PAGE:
Climate change is inextricably linked to economic inequality: it is a crisis that is driven by the greenhouse gas emissions of the 'haves' that hits the 'have-nots' the hardest.

A briefing from Oxfam published in December 2015 demonstrates the extent of global carbon inequality by estimating and comparing the lifestyle consumption emissions of rich and poor citizens in different countries.

They estimate that the poorest half of the global population – around 3.5 billion people – are responsible for only around 10% of total global emissions attributed to individual consumption yet live overwhelmingly in the countries most vulnerable to climate change.

Around 50% of these emissions meanwhile can be attributed to the richest 10% of people around the world, who have average carbon footprints 11 times as high as the poorest half of the population, and 60 times as high as the poorest 10%.

The average footprint of the richest 1% of people globally could be 175 times that of the poorest 10%.

Oxfam's new data analysis, which attributes estimated total lifestyle consumption emissions for different countries to the varying income groups within them , not only shows the extreme nature of global carbon inequality, but also helps bust some of the myths that have circulated around the UN climate talks for years about who is driving climate change.

Comparing the average lifestyle consumption footprints of richer and poorer citizens in a range of countries helps show that while some 'emerging economies' like China, India, Brazil and South Africa have high and rapidly rising emissions, the lifestyle consumption emissions of even their richest citizens remain some way behind that of their counterparts in rich OECD countries, even though this is changing and will continue to do so without urgent climate action.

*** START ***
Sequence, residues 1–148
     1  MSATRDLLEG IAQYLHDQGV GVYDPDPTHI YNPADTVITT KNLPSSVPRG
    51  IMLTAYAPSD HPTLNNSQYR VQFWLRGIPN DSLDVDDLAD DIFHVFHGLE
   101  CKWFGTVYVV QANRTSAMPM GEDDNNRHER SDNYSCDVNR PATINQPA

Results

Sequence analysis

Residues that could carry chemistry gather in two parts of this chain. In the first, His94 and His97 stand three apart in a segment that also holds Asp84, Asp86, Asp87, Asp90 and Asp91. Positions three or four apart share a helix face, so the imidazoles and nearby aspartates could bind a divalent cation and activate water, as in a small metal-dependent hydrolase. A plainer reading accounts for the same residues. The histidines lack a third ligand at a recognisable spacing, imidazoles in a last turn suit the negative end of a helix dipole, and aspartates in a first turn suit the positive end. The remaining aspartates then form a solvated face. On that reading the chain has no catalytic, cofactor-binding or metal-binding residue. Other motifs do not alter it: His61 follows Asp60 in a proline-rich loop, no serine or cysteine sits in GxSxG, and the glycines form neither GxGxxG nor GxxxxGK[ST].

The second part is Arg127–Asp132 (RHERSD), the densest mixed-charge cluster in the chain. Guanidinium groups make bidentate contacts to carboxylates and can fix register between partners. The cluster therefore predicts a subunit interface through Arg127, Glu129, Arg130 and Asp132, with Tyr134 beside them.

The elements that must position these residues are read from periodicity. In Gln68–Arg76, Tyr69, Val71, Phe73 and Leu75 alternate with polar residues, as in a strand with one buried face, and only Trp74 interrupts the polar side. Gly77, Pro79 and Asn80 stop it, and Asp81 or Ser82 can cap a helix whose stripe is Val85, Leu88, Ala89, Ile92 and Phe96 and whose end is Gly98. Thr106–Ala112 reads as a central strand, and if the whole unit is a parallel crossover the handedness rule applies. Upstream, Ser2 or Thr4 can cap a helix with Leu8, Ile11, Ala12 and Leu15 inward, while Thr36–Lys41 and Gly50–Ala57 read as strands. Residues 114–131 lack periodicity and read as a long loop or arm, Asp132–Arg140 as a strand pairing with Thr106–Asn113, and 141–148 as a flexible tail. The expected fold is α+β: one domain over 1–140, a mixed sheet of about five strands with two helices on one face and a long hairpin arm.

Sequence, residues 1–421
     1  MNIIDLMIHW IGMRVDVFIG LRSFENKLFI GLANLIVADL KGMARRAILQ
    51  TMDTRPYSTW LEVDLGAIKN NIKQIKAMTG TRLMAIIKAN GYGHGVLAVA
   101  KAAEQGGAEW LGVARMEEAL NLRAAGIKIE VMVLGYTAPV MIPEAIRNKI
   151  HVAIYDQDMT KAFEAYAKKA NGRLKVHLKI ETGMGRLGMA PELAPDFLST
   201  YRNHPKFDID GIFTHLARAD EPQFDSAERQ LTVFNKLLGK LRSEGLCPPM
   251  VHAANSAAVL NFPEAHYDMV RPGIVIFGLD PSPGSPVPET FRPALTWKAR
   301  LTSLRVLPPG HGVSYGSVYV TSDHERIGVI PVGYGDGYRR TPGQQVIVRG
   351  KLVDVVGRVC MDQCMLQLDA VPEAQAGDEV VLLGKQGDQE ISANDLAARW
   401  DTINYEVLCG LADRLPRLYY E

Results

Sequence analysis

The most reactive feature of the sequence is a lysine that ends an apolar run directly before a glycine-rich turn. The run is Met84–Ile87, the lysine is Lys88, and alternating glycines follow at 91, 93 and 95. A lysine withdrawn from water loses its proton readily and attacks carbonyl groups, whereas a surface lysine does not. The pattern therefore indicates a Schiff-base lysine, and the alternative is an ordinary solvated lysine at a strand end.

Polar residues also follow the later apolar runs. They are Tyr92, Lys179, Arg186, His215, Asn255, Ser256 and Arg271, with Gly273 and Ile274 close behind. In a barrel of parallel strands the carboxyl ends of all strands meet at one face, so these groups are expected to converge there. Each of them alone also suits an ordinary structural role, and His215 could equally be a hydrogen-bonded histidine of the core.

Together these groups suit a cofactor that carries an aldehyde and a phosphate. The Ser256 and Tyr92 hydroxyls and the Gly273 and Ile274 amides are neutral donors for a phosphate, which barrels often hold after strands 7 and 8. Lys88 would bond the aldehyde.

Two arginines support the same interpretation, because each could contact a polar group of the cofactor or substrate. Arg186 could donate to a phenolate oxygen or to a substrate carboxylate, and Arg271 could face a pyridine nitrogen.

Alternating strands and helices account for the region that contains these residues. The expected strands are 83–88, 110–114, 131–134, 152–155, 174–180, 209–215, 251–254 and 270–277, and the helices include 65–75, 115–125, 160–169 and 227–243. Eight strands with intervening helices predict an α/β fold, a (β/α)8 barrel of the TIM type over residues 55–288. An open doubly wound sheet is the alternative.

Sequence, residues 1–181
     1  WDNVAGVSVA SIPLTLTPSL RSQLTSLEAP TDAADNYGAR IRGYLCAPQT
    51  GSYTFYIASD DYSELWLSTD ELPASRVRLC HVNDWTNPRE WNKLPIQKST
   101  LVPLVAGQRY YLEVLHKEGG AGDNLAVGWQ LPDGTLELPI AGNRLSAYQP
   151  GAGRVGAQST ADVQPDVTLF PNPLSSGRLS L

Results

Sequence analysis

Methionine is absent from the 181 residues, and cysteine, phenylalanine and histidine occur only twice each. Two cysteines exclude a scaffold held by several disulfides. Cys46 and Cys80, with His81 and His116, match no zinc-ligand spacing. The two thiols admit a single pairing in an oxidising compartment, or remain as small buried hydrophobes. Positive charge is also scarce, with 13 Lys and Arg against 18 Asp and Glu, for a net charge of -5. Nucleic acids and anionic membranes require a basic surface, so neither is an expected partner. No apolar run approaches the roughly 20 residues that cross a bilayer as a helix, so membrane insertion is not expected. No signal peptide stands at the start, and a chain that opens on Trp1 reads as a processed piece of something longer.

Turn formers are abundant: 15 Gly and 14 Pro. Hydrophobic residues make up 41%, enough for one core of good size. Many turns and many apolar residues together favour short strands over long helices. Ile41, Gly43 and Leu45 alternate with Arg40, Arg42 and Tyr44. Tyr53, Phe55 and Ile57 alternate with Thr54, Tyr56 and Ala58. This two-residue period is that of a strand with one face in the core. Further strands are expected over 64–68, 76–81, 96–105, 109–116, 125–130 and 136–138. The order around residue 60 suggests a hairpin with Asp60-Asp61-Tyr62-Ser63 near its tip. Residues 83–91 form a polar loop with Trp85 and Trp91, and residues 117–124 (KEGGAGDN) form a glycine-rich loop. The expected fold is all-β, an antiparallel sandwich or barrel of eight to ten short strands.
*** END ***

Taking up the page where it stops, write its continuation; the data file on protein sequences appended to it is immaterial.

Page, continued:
The lifestyle emissions of the hundreds of millions of their poorest citizens, meanwhile, remain significantly lower than even the poorest people in the OECD countries.

While the richest citizens can and should contribute as individuals to cutting their own emissions through lifestyle changes, wherever they live, they cannot solve the climate crisis through voluntary action alone. Their choices are often constrained by the decisions of their governments in all sorts of areas, from energy to transport policy.

Increasingly members of the richest 10% are experiencing the impacts of climate change themselves, and are mobilizing to demand action from their governments.

The only beneficiaries of inadequate climate action are a much smaller elite with vested interests in the continuation of a high carbon and deeply unequal global economy. Between the Copenhagen and Paris climate conferences, the number of billionaires on the Forbes list with interests in fossil fuel activities rose from 54 in 2010 to 88 in 2015, while the size of their combined personal fortunes expanded by around 50% from over $200bn to more than $300bn. Governments need to stand up to their influence, and stand up for their citizens – the poorest, lowest emitting and most vulnerable among them first and foremost.